Carla knows plants. The other day I saw her digging in the dirt with a smile on her face. “I’m planting pineapples!” she announced as I passed by with Toby, my Chocolate Lab, on our morning walk. She waggled one of the pineapple tops in the air. “It’s easy. You just put the top of a pineapple in the dirt and it makes a whole new bush!”
I pondered this as Toby and I romped through the hills of Roca Verde. The charred ground, still black from that nasty fire, is starting to sprout green shoots everywhere. All is takes is a little rain and sunshine; everything grows rapidly in the tropical climate of Costa Rica. Soon Roca Verde will be a vibrant emerald wonderland again.
The more I thought about it, the more intrigued I became. I had a ripe pineapple sitting on my counter ready for eating. I know, I know! I’ll slice the top off and plant it next to hers – well her half dozen newly planted pineapples. I wondered if she ate all that pineapple herself just to get the tops to plant.
I started to walk up the hill to add my lone soldier to her row and suddenly it occurred to me that I had a raised bed of planting soil right outside my door the previous occupant had hauled in to grow herbs. I never did get around to planting mine; I had visions of fresh basil, rosemary, parsley and more, but it’s easier to visit the “herb guy” on Friday mornings at the Atenas Farmer’s Market and buy all for just a few cents. Yeah! That’s it.
I plunked the freshly cut pineapple top into the soft soil, pushed the dirt up around the edges, sprinkled some water on top, and went back to my breakfast of El Toledo coffee, mushroom and onion omelet, and yes, pineapple slices. I smugly went about my day knowing that, in just a few months, I would have my very own pineapple bush that I planted with my very own hands!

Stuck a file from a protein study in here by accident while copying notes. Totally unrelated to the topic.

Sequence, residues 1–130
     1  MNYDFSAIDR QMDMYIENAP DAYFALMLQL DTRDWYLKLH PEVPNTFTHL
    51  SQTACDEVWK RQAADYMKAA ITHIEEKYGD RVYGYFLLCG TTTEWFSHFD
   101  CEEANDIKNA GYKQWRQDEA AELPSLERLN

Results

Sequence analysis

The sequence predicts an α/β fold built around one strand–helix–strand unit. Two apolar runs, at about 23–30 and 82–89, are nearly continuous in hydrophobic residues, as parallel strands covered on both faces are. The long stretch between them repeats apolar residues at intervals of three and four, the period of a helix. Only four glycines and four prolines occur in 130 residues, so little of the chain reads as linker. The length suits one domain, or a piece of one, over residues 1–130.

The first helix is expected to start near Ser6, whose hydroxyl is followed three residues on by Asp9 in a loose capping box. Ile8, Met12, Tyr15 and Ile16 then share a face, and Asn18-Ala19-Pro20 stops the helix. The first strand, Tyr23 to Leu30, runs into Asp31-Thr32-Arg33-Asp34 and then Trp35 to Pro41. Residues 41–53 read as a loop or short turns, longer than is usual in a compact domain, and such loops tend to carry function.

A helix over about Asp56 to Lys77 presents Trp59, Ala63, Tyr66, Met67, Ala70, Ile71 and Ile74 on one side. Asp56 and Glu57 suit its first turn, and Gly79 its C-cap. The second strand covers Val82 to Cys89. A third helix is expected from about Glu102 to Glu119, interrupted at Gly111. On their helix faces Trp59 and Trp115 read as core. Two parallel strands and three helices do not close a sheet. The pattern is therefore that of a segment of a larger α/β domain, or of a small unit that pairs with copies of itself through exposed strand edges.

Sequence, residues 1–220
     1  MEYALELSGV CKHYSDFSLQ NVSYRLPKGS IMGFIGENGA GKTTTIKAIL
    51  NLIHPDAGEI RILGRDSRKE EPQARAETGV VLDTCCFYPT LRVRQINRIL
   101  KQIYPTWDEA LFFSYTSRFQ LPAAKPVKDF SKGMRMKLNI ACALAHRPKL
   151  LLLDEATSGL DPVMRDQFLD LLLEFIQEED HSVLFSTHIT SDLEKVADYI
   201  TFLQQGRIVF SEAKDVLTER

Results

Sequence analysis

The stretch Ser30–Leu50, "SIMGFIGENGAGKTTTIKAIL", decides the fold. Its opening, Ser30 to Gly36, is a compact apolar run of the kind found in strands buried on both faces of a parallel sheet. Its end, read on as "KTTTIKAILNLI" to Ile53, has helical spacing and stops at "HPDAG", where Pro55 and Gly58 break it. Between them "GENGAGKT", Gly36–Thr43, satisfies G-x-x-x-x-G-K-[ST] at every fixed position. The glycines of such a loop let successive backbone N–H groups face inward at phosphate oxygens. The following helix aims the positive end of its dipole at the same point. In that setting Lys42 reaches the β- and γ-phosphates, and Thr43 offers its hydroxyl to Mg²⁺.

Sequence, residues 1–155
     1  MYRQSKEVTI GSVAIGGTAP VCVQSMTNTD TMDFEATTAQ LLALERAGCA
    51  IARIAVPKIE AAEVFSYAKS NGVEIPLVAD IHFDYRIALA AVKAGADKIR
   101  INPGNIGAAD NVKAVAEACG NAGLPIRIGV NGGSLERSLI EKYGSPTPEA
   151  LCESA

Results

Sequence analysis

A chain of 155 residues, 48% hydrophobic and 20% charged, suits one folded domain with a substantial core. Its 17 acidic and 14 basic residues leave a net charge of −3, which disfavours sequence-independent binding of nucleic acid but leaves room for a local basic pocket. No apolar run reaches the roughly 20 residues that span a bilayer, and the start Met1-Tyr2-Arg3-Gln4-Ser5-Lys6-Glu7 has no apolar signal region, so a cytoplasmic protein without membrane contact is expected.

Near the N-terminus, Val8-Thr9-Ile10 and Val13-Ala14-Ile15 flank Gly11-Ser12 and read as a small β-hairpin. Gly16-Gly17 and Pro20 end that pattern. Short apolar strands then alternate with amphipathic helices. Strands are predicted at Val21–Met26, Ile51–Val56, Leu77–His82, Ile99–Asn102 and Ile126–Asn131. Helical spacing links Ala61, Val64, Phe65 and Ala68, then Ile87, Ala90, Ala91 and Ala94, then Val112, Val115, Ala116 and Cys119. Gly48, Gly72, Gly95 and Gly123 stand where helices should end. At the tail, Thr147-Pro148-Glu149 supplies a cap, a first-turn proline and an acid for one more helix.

I had invited some new friends over for cocktails at sunset. As we settled in, and were enjoying the ambiance of the evening, along came Toby dragging something in his Labrador mouth. I was hoping it wasn’t a sapo (toad); dead or alive – a nuisance either way. As he plunked it down at my feet, I was horrified to see it was my baby pineapple covered in dirt. When I explained the situation to my new friends, we howled with laughter! Our theme for the night: “Toby stole the pineapple.” We sure know how to have a good time!
The next morning I ran up the hill to see if Toby had discovered the others. I would hate to break that news to Carla. Nope, they were untouched. I tried to recover my own from Toby when he wasn’t looking; not a chance. Once he declares a food item, those jaws are locked down. I thought maybe I could sneak it out in the middle of the night, hide it and get it back in the dirt.
It has been two days now, and I haven’t been able to plant it without Toby following me and grabbing it. I guess I’ll just keep buying my pineapples at the Farmer’s Market. At least it’s not as bad as when my Rottweiler, Brando, was killing my neighbor’s chickens in California.
I felt horrible after I tripped on the third dead chicken in my yard. Riddled with guilt, I called to confess. Luckily, she wasn’t home and I left a message on her answering machine offering to buy her new chickens. When she called back, she said: “Nope. Not my chickens. I counted, and they’re all present and accounted for.”
Um, er, okay. I thought either she doesn’t know how to count, or someone had babies without her noticing. Either way, I was off the hook. I called a fence-maker and solved that problem with a little chain link.
Now, I’m hoping Carla’s pineapples have babies and Toby doesn’t notice them proudly sitting in a row up the hill and think they are his afternoon snack.
I just have to face it: I do not have a future in pineapple production. I shall leave it to the experts!